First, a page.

Archive: November, 2011
African desert nomads Tinariwen made their way to Stephen Colbert's Comedy Central studios on the west side of Manhattan yesterday, where they performed with Tunde Adebimpe and Kyp Malone of TV on the Radio. Performance and interview below. My review of this month's Tinariwen show at the Troc is here.
The Grammy nominations were announced on Wednesday night, with British singer Adele, producer and pop singer Bruno Mars and Eau Claire, Wisconsin indie band Bon Iver - the surprise choice - each pulling in nominations in three of the four major categories revealed in a live telecast on CBS from the Staples Center in Los Angeles.
Adele - whose last name is Adkins - is up for a total of six Grammys, all stemming from her commercial blockbuster of a sophomore release, 21.
But though he received only one in the major categories - a song of the year nod for "All Of The Lights" from last year's My Beautiful Dark Twisted Fantasy - Kanye West was the night's top nomination getter with seven, with most coming for Watch The Throne, his collaborative album with Jay-Z.
Philadelphia band Dr. Dog is back in action. Last week, the sextet did a surprise gig at Kung Fu Necktie in Fishtown, and their new album, Be The Void, which was recorded at their Meth Beach studio in Kensington, is due February 7 on Anti-. On one spin, it sounds like a keeper, a fuzzed-out psyched-up tinkering with the band's timelessly catchy retro-rock sound. Today the Scott McMicken and Toby Leaman fronted group announced a U.S. tour that will commence on February 1 in Columbus, Ohio and come to a close with two shows at the Electric Factory in Philadelphia on March 24 and 25. Below is the video for the deceptively jaunty first single, "That Old Black Hole," in which McMicken spins on the treadmill and does his best to skirt the abyss: "I don't want to fight, but I'm constantly ready / I don't rock the boat, but it's always unsteady."
The Roots' new album, Undun, comes out next Tuesday. As of today, the song cycle about the life and death of the fictional Redford Stephens is streaming in its entirety over at NPR Music. The album cover photo is by Jamel Shabazz. Click here to hear it. Look for my review in Sunday's Inquirer Arts & Entertainment section and on philly.com.
Saratoga Springs' loss is Philadelphia's gain. Apparently, the good people of upstate New York have long laid claim to Don McLean's "American Pie," which first charted 40 years ago this week and was long believed to be have been written on a series of napkins in the town's Tin & Lint bar, during a time period when he was a regular at the music venue Caffe Lena.
But now the truth can be told. In an interview with the Post-Star of Glen Falls New York - winners of the 2009 Pulitzer Prize - McLean dashed the hopes of Saratoga Springers this weekend when he revealed that he actually wrote the eight and half minute perennial bar singalong about the 1959 plane crash death of Buddy Holly in - well take a wild guess.
"Was the song written in Saratoga Springs?," McLean rhetorically asked a Post-Star reporter. "The answer is no. The song was written in Philadelphia, Pennsylvania... That is from the horse's mouth that's exactly what happened."
Rest in peace to Ken Russell, the 84 year old British director of Tommy, Women In Love and, more importantly, The Lair Of The White Worm, who died today. The almost always over-the-top Brit received the Philadelphia Festival of World Cinema's Phantasmagoria Award in 2002. Besides The Who's Tommy (which, truth be told, was not a good movie), he also directed Roger Daltrey in the forgettably baroque Lisztomania, which shares a title with the terrific 2009 breakthrough hit for the French pop band Phoenix. a.d. amorosi's interview with Russell from the 2002 Inquirer is here. My colleague's Steven Rea's most excellent appreciation of the director and sometime actor, which will appear in tomorrow Inquirer, is here. Watch Ann Margret - who's pictured with Daltrey and Oliver Reed, get covered in baked beans in Tommy here, and see Amanda Donahoe and Hugh Grant in the Lair of The White Worm trailer below.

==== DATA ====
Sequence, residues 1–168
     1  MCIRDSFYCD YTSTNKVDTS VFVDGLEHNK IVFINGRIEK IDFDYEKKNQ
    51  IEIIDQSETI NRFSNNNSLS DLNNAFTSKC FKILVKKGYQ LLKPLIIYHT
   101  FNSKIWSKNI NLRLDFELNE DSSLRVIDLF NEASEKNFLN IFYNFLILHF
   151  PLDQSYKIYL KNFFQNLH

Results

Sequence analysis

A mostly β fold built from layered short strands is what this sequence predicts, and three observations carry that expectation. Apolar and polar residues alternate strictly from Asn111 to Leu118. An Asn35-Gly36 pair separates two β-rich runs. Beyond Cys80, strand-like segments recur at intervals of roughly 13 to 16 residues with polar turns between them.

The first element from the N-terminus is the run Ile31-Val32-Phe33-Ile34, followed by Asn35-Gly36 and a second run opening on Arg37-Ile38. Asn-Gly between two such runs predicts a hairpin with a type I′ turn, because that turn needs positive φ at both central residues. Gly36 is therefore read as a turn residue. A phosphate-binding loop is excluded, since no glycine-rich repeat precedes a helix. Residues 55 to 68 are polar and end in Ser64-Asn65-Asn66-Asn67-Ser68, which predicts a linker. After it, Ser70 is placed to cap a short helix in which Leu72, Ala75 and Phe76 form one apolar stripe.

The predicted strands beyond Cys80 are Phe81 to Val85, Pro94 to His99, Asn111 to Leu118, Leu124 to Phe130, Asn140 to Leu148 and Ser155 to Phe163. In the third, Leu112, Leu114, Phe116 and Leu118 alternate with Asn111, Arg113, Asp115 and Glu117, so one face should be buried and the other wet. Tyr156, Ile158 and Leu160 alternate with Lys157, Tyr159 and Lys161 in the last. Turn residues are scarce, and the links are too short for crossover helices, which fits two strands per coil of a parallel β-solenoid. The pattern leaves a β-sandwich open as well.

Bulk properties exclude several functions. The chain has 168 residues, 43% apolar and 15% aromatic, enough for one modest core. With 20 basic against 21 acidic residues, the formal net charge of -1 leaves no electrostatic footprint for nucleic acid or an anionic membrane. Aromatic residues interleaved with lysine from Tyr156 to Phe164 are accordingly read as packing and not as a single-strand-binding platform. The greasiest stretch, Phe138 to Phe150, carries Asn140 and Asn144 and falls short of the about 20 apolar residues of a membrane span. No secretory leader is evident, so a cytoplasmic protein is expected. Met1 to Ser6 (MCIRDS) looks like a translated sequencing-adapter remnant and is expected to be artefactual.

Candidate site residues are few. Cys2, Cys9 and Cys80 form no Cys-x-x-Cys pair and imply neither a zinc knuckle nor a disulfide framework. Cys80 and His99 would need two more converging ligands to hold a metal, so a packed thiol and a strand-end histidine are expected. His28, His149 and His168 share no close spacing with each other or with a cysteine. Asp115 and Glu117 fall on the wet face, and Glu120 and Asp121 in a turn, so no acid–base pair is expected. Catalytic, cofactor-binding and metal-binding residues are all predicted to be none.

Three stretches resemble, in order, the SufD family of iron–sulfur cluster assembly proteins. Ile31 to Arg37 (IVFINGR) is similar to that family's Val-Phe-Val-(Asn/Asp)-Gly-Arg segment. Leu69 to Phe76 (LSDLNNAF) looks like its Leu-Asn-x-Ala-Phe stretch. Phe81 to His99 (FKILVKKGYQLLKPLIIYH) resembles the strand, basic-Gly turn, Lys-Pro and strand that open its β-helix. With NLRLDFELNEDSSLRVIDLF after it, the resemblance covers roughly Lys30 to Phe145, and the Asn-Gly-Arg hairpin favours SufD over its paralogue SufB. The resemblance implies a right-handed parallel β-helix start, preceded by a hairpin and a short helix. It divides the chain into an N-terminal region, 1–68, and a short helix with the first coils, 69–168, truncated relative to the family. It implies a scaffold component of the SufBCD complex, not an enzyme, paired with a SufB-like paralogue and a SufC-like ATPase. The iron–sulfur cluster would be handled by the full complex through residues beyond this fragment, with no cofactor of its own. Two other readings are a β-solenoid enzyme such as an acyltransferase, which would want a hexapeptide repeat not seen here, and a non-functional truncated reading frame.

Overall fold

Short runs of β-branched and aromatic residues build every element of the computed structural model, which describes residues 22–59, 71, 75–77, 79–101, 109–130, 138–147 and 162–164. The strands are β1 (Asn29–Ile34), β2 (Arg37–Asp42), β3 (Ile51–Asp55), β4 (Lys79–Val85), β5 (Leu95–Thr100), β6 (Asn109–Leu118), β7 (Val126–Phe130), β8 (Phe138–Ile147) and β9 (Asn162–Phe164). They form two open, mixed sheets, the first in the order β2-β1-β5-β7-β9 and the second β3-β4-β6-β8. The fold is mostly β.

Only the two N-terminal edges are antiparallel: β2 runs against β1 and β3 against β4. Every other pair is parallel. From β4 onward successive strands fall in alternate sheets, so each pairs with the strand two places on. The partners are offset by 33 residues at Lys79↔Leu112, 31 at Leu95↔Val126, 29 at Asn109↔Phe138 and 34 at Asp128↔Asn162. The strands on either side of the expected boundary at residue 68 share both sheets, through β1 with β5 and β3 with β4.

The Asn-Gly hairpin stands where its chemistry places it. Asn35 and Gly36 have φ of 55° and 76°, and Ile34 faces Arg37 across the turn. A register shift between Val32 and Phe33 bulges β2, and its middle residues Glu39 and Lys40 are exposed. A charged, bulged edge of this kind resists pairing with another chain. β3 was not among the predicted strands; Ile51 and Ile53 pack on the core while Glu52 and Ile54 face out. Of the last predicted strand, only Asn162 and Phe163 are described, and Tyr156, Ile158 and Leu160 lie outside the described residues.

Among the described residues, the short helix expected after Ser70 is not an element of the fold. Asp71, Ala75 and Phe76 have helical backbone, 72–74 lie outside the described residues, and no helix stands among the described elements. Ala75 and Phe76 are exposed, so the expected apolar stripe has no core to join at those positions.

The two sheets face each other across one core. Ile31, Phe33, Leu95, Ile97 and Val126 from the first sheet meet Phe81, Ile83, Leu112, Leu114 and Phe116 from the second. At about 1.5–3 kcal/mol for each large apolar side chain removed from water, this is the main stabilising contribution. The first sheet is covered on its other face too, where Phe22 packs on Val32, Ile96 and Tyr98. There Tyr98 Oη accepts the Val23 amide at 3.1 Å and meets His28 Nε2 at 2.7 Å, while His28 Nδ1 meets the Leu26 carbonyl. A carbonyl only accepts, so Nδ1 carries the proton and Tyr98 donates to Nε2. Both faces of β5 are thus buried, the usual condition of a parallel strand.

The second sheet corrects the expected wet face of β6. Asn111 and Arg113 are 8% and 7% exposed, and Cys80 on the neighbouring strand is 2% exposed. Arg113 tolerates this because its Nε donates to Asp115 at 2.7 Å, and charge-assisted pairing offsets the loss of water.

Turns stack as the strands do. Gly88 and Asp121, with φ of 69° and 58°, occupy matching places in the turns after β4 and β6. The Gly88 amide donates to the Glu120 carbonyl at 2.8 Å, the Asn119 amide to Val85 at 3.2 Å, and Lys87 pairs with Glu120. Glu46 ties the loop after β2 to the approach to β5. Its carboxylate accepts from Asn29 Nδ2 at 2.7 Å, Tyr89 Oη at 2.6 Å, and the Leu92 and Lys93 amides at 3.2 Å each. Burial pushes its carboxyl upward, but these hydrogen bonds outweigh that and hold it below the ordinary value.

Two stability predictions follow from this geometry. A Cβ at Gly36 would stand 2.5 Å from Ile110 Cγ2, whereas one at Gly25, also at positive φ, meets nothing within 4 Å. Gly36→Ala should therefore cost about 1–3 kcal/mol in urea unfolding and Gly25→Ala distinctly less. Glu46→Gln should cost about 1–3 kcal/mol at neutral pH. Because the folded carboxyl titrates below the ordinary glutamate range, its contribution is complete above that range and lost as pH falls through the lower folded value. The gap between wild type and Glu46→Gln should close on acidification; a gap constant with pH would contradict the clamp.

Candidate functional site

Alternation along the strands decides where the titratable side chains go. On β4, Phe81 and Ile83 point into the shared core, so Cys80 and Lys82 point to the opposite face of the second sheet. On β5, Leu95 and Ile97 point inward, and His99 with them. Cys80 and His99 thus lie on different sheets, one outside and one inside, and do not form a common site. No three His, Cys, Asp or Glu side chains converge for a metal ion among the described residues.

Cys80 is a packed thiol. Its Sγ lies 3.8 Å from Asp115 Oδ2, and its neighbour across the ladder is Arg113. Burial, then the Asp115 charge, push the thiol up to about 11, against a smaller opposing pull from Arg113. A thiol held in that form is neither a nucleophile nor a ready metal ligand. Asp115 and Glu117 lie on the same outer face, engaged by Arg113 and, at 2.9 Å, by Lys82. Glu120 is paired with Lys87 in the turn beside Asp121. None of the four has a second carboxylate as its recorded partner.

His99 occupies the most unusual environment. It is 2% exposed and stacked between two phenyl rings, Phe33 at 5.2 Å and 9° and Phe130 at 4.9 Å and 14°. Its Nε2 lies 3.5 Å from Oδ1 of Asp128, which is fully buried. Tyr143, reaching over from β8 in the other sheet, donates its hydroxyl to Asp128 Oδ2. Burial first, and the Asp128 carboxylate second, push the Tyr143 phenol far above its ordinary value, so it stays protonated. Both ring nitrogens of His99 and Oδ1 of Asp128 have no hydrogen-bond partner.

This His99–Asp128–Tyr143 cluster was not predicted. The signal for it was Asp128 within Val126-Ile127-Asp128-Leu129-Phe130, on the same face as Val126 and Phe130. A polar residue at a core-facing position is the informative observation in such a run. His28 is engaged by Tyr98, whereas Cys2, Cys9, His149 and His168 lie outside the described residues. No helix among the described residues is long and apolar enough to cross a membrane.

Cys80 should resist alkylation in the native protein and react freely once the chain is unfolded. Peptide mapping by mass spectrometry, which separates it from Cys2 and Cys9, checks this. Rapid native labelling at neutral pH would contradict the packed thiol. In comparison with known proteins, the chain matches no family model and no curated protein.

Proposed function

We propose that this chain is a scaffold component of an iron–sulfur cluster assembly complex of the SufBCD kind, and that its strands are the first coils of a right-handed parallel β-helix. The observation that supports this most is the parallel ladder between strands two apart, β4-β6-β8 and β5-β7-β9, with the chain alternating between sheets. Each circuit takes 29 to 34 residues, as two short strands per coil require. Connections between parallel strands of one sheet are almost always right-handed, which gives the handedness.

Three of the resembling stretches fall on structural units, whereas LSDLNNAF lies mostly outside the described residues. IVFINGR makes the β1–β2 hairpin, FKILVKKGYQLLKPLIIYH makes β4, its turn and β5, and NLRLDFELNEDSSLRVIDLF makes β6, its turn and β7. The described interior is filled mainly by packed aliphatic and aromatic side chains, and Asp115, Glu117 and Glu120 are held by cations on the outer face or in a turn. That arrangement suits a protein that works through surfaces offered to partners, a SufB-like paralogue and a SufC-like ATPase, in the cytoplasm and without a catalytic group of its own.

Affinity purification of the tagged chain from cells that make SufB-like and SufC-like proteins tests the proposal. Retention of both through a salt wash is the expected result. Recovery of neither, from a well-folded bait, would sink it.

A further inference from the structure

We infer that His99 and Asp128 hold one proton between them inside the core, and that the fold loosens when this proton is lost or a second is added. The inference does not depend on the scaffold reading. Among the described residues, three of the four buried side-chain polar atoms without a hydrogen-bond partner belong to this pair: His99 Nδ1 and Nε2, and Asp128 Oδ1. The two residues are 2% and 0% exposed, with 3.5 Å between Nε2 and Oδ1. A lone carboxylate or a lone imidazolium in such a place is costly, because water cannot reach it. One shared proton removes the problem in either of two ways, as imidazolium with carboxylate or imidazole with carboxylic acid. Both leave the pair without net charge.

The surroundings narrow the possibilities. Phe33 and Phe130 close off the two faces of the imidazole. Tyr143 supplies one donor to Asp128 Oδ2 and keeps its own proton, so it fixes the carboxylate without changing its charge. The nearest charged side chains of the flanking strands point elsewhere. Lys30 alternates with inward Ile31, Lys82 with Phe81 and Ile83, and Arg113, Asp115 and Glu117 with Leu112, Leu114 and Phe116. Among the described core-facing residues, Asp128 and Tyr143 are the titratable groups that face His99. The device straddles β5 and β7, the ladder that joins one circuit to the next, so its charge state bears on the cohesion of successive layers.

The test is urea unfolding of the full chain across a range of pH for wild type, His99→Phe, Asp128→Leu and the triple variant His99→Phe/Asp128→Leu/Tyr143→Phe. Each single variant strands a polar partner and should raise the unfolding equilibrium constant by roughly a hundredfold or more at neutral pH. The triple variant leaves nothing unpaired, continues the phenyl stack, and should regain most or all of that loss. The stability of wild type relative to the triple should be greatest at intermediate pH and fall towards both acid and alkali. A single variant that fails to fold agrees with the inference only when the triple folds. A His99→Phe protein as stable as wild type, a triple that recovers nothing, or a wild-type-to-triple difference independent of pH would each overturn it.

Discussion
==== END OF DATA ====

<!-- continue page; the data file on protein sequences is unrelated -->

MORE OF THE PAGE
Earlier this month, British folk-rock John Wesley Harding and his band The King Charles Trio came to Range Recording studios in Ardmore for an In The Mix Live session in support of the Philadelphia-based JWH's excellent new album The Sound Of His Own Voice. In this configuration, The King Charles Trio was a quintet, featuring Scott McCaughey plus Jenny Conlee-Drizos, John Moen, Chris Funk and Nate Query, all of Portland, Oregon's The Decemberists.
At Range, Harding - who also writes novels, the most recent of which is the high entertaining classical music thriller Charles Jessold, Considered As A Murderer, under his given name, Wesley Stace - also sat for an interview with me, and did a live video chat with fans on philly.com. A truncated version of the interview, which ran in Wednesday's Inquirer, is here. The archived chat with the witty Renaissance man (and Arsenal fan), who plays the New Hope Winery on Dec. 9, is here. JWH and the KCT doing The Sound Of His Voice's "There's A Starbucks (Where The Starbucks Used To Be)," a droll and incisive "Big Yellow Taxi" for the gentified new millenium, is below. Two more videos are available exclusively on the apps for the Inquirer for iPad and the Inquirer Arnova tablet. Look for more from the session on Philly.com next week.
From Big Star and I to you, thank you friends. I'm so grateful for the things you helped me do. Happy thanksgiving, everybody.